Hard News by Russell Brown


Music: To renew, you first need history

Before I came to stay in Peckham, I had heard tell of its burgeoning gentrification, but to wander the streets of this South London borough and see it in action is something else.

The terraces of the street where I'm staying are progressively popping their tops as the owners do their loft conversions. Abandoned shops in nearby roads are being refitted to to sell cakes, artisan giftware, gelato, clothes and sleek city bicyles. And yet, even as the hipsters move in, the clamouring artery of Peckham Rye, Rye Lane, remains crowded with the stores of another generation, selling hot peppers, thawing chicken pieces, patties and the flash, shiny suits in which West Indian men still dress to impress. 

And there are record shops. Yam Records, down a narrow arcade. Rye Wax, through a courtyard and down into a basement, at the back of a spacious cafe. Puzzle Organico, a brilliant-smelling health food store with music down the back. And soon there will be Hop, Burns & Black, the new shop my hosts Jen Ferguson and Glenn Williams are opening to sell craft beer, hot sauces and vinyl records.

They all sell vinyl records; new, short-run house and techno records in some places, but much more so the London sounds of the past few decades, on sale second-hand for a quid or three. As I shuttled around yesterday, I had to keep saying to myself, "excess baggage", because there is simply so much that takes my fancy. Old house twelves that maybe reached New Zealand by the handful, and reggae sevens, the town's musical lifeblood, that never got there at all.

And then, a short ride away on the number 12 bus, there was Camberwell's Rat Records, which churns through old record collections at what seems to be a remarkable rate: its freshly-arrived bin ran to a hundred or more platters. And then I noticed, up on the wall, this:

"Do you see this often?" I asked the man behind the counter, as I paid for a couple of twelves and a mint-condition Studio One double album (five quid!).

"Not a lot," he said.

I said I'd rather like it, but it seemed a bit scratched. Let's put it on and see how it sounds, he said. It actually sounded a little scuffed, but not bad.

"It's a reggae 7" from the 1970s," he observed. "That's how it's going to sound."

I thought of my budget.

"How much change did I just give you?" the man said. "Twelve quid? Just give me that back."

I did, and I'm so pleased. Sidney, George and Jackie are better known as The Pioneers, the group that made the ska classic 'Long Shot Kick the Bucket', but in the 1970s, they cut a handful of sides under their alternative name that are, frankly, wonderful. The A-side of this one is their cover of the Temptations' 'Papa Was a Rolling Stone' and the flip is the brilliant collie-weed anthem 'Feeling High'.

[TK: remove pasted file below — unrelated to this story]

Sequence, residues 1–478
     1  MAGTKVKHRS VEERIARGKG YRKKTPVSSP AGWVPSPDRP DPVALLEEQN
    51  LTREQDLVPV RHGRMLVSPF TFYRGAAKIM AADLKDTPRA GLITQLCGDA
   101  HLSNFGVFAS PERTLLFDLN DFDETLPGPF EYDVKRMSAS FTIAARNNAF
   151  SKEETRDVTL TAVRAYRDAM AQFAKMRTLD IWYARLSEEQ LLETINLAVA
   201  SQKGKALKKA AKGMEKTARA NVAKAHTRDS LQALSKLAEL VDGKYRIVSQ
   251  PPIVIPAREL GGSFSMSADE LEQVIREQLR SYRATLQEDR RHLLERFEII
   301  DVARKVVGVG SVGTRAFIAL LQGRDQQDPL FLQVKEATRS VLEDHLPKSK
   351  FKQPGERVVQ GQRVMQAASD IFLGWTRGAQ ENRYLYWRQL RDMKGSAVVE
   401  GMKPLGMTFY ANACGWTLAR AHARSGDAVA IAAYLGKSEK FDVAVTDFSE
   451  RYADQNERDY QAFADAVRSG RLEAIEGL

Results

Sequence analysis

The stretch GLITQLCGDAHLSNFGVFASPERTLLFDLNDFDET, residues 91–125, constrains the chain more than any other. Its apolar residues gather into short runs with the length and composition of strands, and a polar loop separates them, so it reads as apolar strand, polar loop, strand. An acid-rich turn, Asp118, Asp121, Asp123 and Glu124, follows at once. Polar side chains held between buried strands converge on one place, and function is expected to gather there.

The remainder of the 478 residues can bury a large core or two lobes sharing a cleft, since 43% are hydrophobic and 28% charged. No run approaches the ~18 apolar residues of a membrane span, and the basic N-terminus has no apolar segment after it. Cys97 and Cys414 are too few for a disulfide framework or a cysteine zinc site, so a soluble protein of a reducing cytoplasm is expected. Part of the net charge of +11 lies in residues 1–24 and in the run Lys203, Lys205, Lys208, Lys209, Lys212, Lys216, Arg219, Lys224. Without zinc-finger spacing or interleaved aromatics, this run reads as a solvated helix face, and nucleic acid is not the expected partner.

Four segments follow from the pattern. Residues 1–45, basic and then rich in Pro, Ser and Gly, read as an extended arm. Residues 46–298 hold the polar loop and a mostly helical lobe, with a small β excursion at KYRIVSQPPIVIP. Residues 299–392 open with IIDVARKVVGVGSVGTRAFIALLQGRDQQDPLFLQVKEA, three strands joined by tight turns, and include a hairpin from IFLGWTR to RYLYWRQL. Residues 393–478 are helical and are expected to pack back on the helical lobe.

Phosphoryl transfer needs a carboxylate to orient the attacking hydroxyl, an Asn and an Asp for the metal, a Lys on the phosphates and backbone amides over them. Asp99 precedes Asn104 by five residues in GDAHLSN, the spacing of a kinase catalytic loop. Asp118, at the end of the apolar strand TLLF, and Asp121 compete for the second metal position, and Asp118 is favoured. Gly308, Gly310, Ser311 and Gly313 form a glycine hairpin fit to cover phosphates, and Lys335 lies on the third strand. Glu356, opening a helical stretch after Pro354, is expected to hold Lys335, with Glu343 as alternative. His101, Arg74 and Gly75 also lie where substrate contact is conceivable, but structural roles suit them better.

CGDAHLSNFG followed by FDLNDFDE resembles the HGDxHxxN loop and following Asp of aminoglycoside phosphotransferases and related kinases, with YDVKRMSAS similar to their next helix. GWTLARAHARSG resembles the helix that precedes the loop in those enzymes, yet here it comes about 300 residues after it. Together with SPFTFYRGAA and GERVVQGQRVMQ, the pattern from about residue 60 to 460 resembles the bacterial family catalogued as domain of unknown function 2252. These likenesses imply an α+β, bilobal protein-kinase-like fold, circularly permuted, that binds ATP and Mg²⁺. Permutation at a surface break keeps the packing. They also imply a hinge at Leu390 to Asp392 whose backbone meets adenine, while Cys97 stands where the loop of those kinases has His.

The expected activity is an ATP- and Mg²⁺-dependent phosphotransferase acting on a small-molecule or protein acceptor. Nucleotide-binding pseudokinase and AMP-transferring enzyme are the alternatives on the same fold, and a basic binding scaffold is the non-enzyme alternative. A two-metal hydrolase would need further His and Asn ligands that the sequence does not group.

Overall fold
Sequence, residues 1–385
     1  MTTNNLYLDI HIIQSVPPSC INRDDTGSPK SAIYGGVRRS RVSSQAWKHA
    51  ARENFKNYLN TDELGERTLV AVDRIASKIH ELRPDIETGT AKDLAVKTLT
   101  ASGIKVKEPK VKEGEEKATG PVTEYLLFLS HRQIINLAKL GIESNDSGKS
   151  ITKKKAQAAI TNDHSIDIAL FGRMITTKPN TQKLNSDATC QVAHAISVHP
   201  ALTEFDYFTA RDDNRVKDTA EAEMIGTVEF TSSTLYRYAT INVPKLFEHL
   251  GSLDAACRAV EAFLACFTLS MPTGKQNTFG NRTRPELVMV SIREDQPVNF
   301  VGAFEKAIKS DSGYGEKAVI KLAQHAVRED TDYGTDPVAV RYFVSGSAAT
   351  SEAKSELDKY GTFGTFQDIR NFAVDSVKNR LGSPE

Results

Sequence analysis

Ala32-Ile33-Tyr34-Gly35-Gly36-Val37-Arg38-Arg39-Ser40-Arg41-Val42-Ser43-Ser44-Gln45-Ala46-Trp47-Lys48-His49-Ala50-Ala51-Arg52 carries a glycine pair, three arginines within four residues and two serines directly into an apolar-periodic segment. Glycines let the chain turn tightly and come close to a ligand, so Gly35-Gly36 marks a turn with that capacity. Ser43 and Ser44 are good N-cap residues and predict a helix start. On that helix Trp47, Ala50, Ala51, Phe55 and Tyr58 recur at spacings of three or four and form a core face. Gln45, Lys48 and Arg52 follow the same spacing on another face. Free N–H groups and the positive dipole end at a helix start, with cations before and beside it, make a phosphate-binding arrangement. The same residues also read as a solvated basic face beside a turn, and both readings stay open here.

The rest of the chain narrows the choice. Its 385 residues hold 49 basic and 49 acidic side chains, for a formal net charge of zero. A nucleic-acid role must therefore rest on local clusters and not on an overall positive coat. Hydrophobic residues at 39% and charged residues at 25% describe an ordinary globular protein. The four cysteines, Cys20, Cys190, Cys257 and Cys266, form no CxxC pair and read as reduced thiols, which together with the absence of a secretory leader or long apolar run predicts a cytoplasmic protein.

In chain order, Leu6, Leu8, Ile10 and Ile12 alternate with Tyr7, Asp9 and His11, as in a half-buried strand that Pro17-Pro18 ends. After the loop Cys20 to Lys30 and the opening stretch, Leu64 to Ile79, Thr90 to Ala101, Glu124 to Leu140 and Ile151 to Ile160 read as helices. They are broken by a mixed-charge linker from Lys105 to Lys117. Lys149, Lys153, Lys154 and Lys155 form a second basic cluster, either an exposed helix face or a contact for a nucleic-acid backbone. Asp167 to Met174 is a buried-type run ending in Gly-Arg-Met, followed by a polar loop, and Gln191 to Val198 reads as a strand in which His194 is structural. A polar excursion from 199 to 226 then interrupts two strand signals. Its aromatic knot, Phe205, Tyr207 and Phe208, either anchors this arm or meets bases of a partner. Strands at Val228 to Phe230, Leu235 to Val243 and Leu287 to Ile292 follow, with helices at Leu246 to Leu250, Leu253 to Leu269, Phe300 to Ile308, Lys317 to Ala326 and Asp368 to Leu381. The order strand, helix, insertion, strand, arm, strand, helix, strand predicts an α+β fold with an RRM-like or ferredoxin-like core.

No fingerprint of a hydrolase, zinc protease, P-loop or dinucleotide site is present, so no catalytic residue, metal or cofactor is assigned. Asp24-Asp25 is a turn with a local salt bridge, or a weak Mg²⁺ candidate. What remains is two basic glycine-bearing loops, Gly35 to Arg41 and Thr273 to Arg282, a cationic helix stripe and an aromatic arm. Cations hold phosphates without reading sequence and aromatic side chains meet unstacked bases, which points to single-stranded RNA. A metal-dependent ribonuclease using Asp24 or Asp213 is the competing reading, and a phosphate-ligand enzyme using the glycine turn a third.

I played it that evening at Lucky Sevens, the Thursday open-decks night at The Gowlett, the pub around the corner, along with a fistful of other old sevens Jen let me raid from a recent stash she'd scored in Bethnall Green on a tip from our mutual friend Mike Hodgson.

Gee, it was fun. People danced and sang along, and then, madly, a couple of the locals and I discovered that there was a whole skip full of vinyl on the street around the other side of the pub. Some good classical records, some terrible MOR, a Bob Seger album and a very clean copy of Neil Diamond's Hot August Night.

Jen loaded up with as much as she could carry -- good for the shop, she explained, but also a right laugh. She staggered home with us (under the load of the beer we'd supped as much as the vinyl she was carrying, to be fair) and we had a duty-free Lagavullin and played a few of our finds. I Facetimed the family back home in Auckland and had to explain why Phil bloody Collins was playing in the background. But gee, isn't Bob Seger's 'Against the Wind' a bloody good song?

I'll have to try and restrain myself and not buy much more vinyl. It's heavy. But it makes me think of the times my friend Duncan Campbell would and visit us in London and turn up each day, excited, with old reggae records he'd have to lug back home to Auckland. In a way, it's the same thing that makes the new gentrification work. To have renewal, to have a secondary market in space, place and culture -- you need the history first.

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